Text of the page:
Other processors are more generic and more developed. In particular, the solution described in the document by N. Mauduit, et al., “L-Neuro 1.0: A Piece of Hardware LEGO for Building Neural Network Systems,” IEEE Trans. Neural Networks, Vol. 3, No. 3, May 1992, pp. 414-422, discloses a dedicated neural processor, without pre-post-processing, with a precision that is variable as a function of the phase of processing by learning over 16 bits and recognition over 8 bits. It supports the virtualization of the neurons by a mechanism of direct memory access (DMA) and the multiplication of the computing units is in series. A next generation described in the document by M. Duranton, “L-Neuro 2.3: A VLSI for Image Processing by Neural Networks,” microneuro, pp. 157, 5th International Conference on Microelectronics for Neural Networks and Fuzzy Systems (MicroNeuro '96), 1996, adds the support for intensive signal processing with DSP (Digital Signal Processing) units for processing the signal and parallelism. The memory is unified, with no dedicated weight vector memory, and the interconnections provide an efficient support for locality and broadcast. However, this solution no longer supports the variable precision to the nearest bit; nor is the interconnection hierarchical.
As the interconnection plays a crucial role in the implementations of neural networks, architectures such as that described in the document by Hammerstrom, D., “A VLSI architecture for high-performance, low-cost, on-chip learning,” Neural Networks, 1990, 1990 IJCNN International Joint Conference on, vol., no., pp. 537, 544 vol. 2, 17-21 Jun. 1990, have placed it at the heart of their operation. Thus, this type of architecture supports broadcasting in a very efficient manner together with local inter-processor connections. The calculation aspect is devolved to DSP units, by establishing a relatively generalist architecture. The communication aspect is also at the heart of the architecture described in the document of Yasunaga, M.; Masuda, N. et al., “A self-learning neural network composed of 1152 digital neurons in wafer-scale LSIs,” Neural Networks, 1991. 1991 IEEE International Joint Conference on, vol., no., pp. 1844, 1849 vol. 3, 18-21 Nov. 1991, with the use of a TDMA (Time Division Multiple Access) bus disposed in a hierarchical manner and allowing the generation and transmission of information.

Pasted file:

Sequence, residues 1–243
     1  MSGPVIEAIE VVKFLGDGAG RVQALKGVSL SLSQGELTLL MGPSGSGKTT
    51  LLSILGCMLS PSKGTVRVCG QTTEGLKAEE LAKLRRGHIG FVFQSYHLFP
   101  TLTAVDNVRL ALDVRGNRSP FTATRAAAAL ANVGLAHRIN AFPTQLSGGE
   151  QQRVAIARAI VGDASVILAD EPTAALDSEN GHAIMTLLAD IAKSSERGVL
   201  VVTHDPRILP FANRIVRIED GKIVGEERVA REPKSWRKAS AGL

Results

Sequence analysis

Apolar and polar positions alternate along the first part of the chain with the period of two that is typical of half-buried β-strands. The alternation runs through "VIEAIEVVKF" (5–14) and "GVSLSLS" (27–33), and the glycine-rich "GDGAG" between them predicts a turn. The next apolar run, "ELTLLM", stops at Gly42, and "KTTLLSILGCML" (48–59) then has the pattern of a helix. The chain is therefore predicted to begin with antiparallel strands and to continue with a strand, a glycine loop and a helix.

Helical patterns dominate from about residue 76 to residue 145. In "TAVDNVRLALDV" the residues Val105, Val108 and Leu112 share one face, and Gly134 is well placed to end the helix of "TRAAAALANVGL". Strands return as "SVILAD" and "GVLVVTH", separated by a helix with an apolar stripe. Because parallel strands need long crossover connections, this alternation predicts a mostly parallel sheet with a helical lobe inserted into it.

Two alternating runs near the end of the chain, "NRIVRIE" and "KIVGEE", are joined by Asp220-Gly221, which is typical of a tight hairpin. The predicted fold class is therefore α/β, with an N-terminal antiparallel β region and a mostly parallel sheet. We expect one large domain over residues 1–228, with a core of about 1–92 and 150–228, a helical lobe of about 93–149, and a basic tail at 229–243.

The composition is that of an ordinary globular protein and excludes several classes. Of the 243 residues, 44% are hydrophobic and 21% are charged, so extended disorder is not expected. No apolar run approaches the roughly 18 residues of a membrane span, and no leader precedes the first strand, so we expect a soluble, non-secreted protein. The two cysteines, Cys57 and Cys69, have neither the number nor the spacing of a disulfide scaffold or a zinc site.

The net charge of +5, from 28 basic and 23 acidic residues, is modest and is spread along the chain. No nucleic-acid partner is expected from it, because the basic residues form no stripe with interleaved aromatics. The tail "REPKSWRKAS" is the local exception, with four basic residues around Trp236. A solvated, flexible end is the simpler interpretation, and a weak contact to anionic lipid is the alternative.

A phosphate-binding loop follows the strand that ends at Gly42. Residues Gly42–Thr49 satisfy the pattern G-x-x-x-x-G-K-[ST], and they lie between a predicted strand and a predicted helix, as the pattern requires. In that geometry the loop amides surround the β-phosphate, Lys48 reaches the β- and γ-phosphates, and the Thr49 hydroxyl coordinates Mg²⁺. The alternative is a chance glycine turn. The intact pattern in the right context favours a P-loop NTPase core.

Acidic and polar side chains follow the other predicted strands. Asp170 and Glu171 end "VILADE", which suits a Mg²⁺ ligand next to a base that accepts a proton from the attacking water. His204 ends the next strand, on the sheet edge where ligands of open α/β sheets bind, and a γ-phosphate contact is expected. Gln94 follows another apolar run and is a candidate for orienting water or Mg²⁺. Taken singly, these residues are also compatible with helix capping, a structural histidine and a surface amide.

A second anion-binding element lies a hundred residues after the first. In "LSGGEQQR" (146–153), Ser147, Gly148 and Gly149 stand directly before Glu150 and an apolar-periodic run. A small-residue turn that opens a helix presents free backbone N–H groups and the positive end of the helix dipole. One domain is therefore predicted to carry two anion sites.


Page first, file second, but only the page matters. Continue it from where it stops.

Serial communication and processing are at the heart of the document by Johansson, H. O. et al., “A 200-MHz CMOS bit-serial neural network,” ASIC Conference and Exhibit, 1994. Proceedings., Seventh Annual IEEE International, pp. 312, 315, 19-23 Sep. 1994. Thus, the utility of variable precision is discussed, without however any specific application. The solution described supports cascading for the extension but not learning on line, nor even on a chip, off line.